The comparisons have been fast and inevitable. Now that Jordan Spieth has won three majors before age 24, he has been included among golf new Big Three – Spieth, Jack Nicklaus and Tiger Woods.
Spieth is the second youngest to win three of golf’s four major championships and will attempt to complete the career Grand Slam at the PGA Championship at Quail Hollow. Nicklaus was the youngest and completed the Grand Slam in 1966 at age 26. Woods was 24 years and six months when he collected his Grand Slam major in 2000.
“I’ve answered this question a few times a couple years ago, so I’ll be careful with my answer,” Spieth told the media at the Open Championship. “It’s amazing. I feel blessed to be able to play the game I love, but I don’t think that comparisons are … I don’t compare myself. And I don’t think that they’re appropriate or necessary. So to be in that company, no doubt is absolutely incredible. And I certainly appreciate it. And we work really hard to have that, with that being the goal. Therefore, I enjoy moments like you saying that.
“But I’m very careful as to what that means going forward because what those guys have done has transcended the sport. And in no way, shape or form do I think I’m anywhere near that, whatsoever. So it’s a good start, but there is a long way to go.”
In a very big way, to compare Spieth with Nicklaus and Woods is blatantly unfair, particularly to create similarities with Woods, who dominated the game so completely and set a standard that could be unreachable for this generation of players.
Physically, Spieth and Woods could not be any more different. Woods overpowered the game with his strength and length. Spieth is not the shortest off the tee but he’s not nearly the longest, either.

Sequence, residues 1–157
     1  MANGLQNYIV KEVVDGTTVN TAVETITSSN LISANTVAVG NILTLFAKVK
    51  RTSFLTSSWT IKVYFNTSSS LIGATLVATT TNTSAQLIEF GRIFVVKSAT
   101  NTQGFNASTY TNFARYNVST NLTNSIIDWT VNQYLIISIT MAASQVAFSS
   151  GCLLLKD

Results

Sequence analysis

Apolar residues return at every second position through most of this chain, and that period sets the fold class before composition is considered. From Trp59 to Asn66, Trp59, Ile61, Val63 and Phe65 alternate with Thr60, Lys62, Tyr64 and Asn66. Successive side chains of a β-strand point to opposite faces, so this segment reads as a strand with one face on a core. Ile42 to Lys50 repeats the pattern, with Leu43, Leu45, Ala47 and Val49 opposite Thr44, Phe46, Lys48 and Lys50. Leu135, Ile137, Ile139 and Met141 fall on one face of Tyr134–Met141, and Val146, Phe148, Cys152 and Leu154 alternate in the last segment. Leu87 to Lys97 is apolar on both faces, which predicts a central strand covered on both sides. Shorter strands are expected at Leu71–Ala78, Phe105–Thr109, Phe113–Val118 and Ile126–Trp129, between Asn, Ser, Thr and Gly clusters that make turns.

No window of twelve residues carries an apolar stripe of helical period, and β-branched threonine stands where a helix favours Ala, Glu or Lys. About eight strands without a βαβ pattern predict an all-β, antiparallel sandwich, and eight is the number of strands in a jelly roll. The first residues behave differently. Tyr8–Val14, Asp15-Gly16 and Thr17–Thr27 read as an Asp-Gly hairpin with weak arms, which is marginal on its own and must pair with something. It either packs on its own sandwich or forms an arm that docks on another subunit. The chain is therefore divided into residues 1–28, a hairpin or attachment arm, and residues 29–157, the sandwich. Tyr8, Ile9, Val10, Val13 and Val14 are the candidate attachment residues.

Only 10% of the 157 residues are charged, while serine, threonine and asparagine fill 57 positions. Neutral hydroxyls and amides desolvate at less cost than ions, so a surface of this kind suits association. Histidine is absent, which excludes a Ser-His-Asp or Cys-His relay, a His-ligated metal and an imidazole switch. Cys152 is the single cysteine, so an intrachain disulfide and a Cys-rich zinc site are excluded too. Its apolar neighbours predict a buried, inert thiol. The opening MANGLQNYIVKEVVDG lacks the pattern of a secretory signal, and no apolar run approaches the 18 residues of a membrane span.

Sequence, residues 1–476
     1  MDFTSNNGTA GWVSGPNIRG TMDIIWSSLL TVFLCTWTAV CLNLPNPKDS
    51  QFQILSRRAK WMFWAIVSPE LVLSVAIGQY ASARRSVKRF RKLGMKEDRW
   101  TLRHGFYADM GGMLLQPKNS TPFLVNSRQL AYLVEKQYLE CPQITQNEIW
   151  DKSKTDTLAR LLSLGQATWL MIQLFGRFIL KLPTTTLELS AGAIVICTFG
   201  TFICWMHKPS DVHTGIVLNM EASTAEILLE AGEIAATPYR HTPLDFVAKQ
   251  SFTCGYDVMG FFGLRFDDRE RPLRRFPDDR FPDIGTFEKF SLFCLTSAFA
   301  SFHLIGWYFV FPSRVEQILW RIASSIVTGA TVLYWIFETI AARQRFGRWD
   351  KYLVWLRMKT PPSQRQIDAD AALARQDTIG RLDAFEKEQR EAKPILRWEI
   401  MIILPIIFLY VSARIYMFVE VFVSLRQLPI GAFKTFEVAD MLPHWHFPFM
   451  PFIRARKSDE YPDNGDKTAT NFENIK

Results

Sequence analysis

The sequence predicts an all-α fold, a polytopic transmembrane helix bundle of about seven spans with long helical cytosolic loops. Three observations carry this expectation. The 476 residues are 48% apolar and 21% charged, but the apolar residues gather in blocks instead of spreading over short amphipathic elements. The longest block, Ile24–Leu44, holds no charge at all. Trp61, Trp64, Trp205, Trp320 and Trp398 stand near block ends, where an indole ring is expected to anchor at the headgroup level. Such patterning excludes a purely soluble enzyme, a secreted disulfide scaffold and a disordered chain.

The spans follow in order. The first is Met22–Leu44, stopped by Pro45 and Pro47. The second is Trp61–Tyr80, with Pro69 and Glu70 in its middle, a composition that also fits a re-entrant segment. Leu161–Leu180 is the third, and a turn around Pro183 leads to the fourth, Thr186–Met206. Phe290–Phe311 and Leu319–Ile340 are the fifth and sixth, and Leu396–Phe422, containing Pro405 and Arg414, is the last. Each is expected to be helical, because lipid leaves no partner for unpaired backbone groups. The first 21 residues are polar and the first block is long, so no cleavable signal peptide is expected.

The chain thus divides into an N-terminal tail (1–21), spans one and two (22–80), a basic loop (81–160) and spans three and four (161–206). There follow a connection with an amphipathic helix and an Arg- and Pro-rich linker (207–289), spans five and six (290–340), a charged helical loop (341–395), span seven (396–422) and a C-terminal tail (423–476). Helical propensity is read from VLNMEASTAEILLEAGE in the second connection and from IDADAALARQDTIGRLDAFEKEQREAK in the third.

But they do share traits. Both are outstanding iron players and it’s a toss-up as to who has the best short game. And as great a putter as Spieth is, Tiger was probably a hair’s breadth better. But no more than that.
Woods and Nicklaus had the best minds in the game, by far. But Spieth isn’t far behind. In fact, Spieth is mentally the strongest player of this generation. He is the most dogged and determined of any player in today’s game.
You hear it all the time from coaches in team sports: They want their players to compete on every play. Spieth does that. No matter the odds or the situation he’s facing, he’s completely invested in every single shot.
That’s how he won the Open Championship. After falling almost completely off the rails, he made a bogey at the 13th at Royal Birkdale when he should have easily made a 6 or a 7. He then produced one of the most remarkable stretches in major championship golf, going 5 under over the next four holes to eventually win the title by three strokes.
When Spieth arrives at Quail Hollow, he will find a long, physically demanding course. If he is to win and complete the career Grand Slam, he must improve his driving. At the Open Championship, he hit only 24 of 56 fairways and that won’t lead him to the Wanamaker Trophy at the PGA.
Brutal, thick Bermuda rough will penalize those who are wayward off the tee and that includes Spieth, no matter how good his short game and putting are. He must find a way to get the ball in the short grass if he is to have a chance.
But if the Open Championship proves anything, we are to never underestimate Spieth, no matter where he stands on the leaderboard. He never gives up or gives in. Ever.